Pope’s Grotto is the last remaining part of the famous villa and gardens belonging to the poet, translator and satirist Alexander Pope, built in 1720 on the banks of the Thames at Twickenham.
The grotto is of outstanding historical importance, the only surviving relic of Pope’s life. It acts as a material reminder of English culture, literature and garden design of the Age of Enlightenment. It has recently been restored and reinvigorated, largely thanks to the work of the Pope’s Grotto Preservation Trust, with support from English Heritage and the Heritage Lottery Fund.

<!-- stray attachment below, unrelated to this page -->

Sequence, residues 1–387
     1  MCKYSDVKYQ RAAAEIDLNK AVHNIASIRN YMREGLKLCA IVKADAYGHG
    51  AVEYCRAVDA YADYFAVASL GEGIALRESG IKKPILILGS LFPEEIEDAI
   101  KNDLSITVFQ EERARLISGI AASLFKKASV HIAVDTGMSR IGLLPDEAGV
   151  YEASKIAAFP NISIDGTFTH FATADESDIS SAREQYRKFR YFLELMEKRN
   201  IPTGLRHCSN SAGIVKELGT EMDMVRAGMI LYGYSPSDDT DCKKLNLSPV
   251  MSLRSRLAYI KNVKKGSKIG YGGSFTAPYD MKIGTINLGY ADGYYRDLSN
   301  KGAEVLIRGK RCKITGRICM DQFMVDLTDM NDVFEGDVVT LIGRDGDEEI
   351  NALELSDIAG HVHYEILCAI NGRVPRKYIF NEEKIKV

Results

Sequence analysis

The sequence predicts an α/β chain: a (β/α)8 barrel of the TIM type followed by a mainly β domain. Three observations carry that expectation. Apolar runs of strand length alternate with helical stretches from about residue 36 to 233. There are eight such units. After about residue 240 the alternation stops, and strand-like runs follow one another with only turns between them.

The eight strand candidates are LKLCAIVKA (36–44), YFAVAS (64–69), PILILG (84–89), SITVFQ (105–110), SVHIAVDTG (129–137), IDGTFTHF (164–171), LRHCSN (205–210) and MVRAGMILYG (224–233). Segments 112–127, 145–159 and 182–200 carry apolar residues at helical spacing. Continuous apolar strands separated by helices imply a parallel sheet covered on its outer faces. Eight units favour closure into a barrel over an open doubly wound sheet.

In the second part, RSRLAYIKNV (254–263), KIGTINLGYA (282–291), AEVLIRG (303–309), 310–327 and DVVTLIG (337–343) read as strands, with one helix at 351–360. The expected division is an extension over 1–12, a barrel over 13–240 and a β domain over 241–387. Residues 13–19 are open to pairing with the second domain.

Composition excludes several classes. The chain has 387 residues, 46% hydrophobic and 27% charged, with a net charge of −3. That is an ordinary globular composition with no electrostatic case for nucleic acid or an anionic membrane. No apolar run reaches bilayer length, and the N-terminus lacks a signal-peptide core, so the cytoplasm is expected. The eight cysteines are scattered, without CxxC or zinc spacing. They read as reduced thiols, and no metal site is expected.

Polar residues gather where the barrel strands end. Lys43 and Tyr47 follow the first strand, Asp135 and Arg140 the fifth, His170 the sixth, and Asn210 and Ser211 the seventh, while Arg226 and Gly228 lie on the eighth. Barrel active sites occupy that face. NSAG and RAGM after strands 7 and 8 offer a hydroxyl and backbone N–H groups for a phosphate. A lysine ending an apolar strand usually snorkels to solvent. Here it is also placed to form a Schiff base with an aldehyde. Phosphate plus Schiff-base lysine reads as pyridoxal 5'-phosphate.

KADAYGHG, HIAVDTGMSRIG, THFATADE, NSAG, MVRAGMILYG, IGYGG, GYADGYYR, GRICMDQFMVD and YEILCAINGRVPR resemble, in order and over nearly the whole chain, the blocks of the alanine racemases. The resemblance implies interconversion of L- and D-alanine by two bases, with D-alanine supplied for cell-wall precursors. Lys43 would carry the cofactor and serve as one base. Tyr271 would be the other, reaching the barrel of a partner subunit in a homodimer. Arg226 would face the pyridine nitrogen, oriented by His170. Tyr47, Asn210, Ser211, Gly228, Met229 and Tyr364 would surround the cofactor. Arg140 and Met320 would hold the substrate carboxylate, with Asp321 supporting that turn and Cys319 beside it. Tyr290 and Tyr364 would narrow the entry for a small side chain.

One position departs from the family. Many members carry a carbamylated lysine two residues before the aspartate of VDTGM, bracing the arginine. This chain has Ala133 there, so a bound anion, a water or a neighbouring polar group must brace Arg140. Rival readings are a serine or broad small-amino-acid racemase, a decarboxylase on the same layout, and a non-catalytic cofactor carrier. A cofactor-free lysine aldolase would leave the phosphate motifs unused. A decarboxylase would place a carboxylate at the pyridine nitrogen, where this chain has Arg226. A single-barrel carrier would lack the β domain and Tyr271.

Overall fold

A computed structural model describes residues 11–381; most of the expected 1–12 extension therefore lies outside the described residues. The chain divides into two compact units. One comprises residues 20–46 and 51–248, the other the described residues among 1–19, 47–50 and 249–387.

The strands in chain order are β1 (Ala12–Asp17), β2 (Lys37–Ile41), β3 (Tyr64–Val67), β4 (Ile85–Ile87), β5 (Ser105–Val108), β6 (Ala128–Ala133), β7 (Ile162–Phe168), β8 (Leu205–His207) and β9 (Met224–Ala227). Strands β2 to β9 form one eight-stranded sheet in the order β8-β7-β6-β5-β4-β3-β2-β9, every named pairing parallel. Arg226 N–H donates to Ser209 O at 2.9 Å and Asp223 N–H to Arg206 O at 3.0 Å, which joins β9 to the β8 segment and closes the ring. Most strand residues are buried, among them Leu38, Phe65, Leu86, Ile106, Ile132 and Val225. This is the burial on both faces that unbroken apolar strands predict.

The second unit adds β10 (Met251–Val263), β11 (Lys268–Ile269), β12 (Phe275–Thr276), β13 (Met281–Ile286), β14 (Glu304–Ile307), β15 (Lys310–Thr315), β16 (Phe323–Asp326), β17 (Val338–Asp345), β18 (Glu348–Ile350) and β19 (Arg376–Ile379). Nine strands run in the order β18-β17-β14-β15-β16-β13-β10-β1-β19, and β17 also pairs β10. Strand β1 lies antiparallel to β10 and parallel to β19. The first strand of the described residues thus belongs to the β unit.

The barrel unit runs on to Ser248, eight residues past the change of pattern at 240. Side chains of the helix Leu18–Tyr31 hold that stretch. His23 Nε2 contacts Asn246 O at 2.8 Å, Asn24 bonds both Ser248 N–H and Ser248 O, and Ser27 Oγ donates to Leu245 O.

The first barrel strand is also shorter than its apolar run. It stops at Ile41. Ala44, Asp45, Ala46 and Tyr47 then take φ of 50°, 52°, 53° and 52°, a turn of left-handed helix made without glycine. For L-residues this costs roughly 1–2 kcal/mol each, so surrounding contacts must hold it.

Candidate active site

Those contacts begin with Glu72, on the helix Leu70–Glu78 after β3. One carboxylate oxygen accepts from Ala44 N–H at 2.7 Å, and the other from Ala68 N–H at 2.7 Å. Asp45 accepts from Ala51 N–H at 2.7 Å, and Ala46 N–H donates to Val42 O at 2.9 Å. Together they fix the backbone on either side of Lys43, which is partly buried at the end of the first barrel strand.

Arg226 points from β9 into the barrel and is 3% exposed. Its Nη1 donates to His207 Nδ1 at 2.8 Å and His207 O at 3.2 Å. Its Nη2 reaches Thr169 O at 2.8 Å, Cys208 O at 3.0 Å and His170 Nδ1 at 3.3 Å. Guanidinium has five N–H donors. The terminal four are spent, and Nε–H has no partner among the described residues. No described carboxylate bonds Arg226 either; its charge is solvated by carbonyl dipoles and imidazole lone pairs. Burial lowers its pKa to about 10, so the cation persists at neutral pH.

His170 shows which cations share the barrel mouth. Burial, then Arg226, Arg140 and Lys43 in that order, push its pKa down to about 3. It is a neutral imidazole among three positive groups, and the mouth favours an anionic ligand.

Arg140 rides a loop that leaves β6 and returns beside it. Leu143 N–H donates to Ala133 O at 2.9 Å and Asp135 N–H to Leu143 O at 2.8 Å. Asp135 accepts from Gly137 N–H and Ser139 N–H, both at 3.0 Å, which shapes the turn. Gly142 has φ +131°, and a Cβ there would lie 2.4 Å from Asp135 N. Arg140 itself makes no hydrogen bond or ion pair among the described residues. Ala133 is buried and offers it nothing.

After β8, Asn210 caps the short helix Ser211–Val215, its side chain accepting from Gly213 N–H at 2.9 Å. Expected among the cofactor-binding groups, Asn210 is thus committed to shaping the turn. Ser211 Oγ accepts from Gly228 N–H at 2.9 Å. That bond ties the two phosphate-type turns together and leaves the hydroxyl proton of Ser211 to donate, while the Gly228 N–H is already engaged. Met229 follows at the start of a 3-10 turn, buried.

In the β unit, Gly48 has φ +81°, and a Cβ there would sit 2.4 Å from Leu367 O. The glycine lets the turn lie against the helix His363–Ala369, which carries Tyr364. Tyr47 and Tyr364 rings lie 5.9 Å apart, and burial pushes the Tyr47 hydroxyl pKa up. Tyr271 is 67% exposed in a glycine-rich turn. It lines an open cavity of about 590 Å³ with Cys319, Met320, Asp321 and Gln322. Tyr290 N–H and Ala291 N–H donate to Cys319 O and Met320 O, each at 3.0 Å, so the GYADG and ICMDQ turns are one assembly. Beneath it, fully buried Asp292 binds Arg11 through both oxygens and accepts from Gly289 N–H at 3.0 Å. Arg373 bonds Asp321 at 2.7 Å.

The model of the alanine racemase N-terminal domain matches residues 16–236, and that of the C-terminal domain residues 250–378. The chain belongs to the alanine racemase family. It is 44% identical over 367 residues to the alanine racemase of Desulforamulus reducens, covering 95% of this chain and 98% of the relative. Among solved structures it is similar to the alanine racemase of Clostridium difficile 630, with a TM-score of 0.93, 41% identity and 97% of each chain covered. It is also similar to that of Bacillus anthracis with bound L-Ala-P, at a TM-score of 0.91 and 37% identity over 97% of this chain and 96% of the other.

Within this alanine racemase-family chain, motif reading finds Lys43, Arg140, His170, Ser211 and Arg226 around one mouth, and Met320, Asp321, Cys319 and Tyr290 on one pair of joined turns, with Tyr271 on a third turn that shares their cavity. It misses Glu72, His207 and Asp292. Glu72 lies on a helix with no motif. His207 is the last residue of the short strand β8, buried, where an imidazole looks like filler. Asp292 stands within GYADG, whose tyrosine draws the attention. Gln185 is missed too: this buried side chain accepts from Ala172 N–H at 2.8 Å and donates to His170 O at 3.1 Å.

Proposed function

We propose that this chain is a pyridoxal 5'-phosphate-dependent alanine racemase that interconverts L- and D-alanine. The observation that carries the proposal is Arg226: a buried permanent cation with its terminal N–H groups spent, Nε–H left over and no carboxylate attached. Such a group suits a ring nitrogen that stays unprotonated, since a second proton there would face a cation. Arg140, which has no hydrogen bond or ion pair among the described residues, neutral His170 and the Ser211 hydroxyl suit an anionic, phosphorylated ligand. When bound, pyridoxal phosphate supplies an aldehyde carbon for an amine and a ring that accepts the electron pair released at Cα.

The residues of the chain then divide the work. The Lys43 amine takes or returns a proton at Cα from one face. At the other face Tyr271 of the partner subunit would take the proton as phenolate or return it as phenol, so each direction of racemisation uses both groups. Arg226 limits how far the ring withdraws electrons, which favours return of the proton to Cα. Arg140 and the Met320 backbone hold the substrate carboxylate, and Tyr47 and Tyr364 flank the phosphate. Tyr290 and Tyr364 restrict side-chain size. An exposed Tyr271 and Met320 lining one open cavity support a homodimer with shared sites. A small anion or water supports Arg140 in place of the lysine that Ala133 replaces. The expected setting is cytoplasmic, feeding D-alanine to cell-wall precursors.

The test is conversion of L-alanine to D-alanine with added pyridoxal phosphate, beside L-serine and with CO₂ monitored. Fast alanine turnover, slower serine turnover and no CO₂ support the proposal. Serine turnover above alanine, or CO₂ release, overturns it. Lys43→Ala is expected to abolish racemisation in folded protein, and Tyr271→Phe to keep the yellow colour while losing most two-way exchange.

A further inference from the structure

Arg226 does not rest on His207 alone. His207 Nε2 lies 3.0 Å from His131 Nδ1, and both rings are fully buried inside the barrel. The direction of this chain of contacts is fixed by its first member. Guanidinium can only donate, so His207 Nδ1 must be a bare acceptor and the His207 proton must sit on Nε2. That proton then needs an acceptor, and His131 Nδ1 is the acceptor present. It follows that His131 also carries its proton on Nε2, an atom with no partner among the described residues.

Its restoration is helping to inspire Pope scholars and to reintroduce Alexander Pope and his work, including the advocacy of his naturalistic garden, to a new audience at the school, in the local area and in the wider world.